The present invention can also be viewed as providing a method for immunological and immunohematological assaying. The immunological method identifies interactions between a sample and a testing reagent where one contains an antigen carrier (RBC or bead) and the other contains an antibody. In this regard, the method can be broadly summarized by the following steps: placing an immunological assay sample into a filter vessel including a filter, adding a testing reagent to the filter vessel, incubating the sample and reagent mixture in the filter vessel, separating the sample and reagent mixture in the filter vessel into components above and below the filter, and analyzing the filter vessel to determine the presence of interactions between the sample and reagent.
In an alternative embodiment, if the step of analyzing the filter vessel produces unclear results, the method may also include the steps of placing the sample in the filter vessel in a washer, separating the antigen carrier from liquid components of the sample by capturing the antigen carrier above the filter in the filter vessel, washing the antigen carrier in the filter vessel under vacuum pressure or centrifugation with a physiological salt solution to remove excess antibody not bound to the antigen carrier, adding antibody reagents to the washed antigen carrier in the filter vessel, incubating the mixture in the filter vessel, separating the antigen carrier from liquid components of the mixture by capturing the antigen carrier above the filter in the filter vessel, and again analyzing the filter vessel to determine the presence of interactions between the sample and the reagent.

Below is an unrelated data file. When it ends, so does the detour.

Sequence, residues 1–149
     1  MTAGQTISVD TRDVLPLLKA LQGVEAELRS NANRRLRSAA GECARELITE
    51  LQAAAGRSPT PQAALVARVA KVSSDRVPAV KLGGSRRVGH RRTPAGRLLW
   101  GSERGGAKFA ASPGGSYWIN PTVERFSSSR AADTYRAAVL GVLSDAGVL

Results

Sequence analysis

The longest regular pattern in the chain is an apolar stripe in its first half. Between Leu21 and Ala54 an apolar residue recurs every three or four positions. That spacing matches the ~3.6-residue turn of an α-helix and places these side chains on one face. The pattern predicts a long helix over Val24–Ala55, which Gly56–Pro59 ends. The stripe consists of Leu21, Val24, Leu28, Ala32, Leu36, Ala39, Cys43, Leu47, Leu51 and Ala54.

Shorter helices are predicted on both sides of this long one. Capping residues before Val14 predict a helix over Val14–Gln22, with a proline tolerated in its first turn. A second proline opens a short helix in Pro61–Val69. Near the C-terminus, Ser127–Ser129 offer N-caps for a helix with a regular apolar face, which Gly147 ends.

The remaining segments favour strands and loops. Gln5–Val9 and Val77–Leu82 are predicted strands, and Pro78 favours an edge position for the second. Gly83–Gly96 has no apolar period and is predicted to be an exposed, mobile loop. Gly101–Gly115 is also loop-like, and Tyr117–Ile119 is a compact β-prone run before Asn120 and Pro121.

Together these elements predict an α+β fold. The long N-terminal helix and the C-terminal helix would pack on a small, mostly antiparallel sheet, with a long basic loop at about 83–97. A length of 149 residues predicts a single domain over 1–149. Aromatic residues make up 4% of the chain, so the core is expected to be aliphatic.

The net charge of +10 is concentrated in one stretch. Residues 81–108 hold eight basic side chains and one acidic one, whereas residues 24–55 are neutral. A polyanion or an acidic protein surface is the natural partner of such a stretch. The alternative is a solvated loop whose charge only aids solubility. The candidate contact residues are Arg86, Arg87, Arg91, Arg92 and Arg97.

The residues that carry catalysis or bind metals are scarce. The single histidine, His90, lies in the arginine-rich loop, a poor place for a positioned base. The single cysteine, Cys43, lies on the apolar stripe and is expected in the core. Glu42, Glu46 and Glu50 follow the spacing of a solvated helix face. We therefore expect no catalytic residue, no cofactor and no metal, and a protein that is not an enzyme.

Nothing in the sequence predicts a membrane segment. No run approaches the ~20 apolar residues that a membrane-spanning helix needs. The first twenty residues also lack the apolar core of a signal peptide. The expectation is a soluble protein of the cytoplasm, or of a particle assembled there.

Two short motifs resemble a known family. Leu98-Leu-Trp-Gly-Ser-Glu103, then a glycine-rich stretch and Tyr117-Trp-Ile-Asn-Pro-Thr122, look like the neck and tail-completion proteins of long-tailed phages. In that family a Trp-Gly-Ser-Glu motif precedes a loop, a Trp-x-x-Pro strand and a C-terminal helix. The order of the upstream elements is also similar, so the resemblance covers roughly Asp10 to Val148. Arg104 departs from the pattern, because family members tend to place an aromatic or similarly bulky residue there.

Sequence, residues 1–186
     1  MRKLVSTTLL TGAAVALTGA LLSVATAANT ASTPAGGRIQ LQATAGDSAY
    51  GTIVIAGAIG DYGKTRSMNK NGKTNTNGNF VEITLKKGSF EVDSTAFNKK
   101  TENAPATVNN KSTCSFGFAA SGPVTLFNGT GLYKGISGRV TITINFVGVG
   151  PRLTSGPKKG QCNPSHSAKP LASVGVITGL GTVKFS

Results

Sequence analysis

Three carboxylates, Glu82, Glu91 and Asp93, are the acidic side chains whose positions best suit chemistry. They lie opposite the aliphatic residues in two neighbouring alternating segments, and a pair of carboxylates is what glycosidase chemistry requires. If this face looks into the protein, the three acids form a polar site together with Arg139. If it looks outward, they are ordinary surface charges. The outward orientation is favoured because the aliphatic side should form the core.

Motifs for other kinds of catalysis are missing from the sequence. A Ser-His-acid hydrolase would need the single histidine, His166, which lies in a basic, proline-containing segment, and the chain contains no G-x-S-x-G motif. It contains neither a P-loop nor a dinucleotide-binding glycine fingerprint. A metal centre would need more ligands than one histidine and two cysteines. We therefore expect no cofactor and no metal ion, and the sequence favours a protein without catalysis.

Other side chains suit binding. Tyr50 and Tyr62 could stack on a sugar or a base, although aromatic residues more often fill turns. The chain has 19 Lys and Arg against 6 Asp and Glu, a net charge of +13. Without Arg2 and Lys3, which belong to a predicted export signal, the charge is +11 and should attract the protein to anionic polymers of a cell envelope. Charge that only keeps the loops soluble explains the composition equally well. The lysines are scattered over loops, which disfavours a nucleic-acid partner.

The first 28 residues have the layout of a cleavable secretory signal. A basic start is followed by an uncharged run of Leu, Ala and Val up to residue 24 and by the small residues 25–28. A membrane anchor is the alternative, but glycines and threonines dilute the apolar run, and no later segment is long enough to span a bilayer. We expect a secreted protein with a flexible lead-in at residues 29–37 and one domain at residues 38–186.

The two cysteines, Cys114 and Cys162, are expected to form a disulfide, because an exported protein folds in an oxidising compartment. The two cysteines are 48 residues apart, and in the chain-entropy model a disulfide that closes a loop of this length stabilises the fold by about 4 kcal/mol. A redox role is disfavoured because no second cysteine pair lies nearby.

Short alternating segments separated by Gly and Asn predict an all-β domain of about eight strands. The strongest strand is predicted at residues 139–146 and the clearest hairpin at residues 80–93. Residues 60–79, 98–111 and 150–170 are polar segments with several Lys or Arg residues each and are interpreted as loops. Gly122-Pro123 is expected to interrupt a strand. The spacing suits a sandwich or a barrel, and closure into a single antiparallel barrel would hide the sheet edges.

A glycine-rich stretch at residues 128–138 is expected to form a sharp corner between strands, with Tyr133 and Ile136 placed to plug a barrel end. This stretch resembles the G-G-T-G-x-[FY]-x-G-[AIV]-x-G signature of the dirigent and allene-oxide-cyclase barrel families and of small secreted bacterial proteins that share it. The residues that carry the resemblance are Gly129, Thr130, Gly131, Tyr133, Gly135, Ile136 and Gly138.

Other methods, features, and advantages of the present invention will be or become apparent to one with skill in the art upon examination of the following drawings and detailed description. It is intended that all such additional methods, features, and advantages be included within this description, be within the scope of the present invention, and be protected by the accompanying claims.
The invention can be better understood with reference to the following drawings. The components in the drawings are not necessarily to scale, emphasis instead being placed upon clearly illustrating the principles of the present invention. Moreover, in the drawings, like reference numerals designate corresponding parts throughout the several views.
In general, the present invention pertains to a system and method for separating and analyzing components of immunological and immunohematological samples. In this regard, an immunological assay system overcomes the drawbacks of current tube testing and spin column technology, while simultaneously rendering the technology of immunological assay more amenable to automation. In a preferred embodiment, the immunological assay system is an instrument that includes a filter vessel system including one or more filters that have discrete molecular weight and size cutoffs due to the presence of a plurality of holes or pores of specified sizes in the filter. An immunological sample is mixed with a reagent and placed above the filter(s). After vacuum or centrifugation or some other method of inducing the sample through the filter is applied, the components of the sample are separated from one another according to their size by the various filters.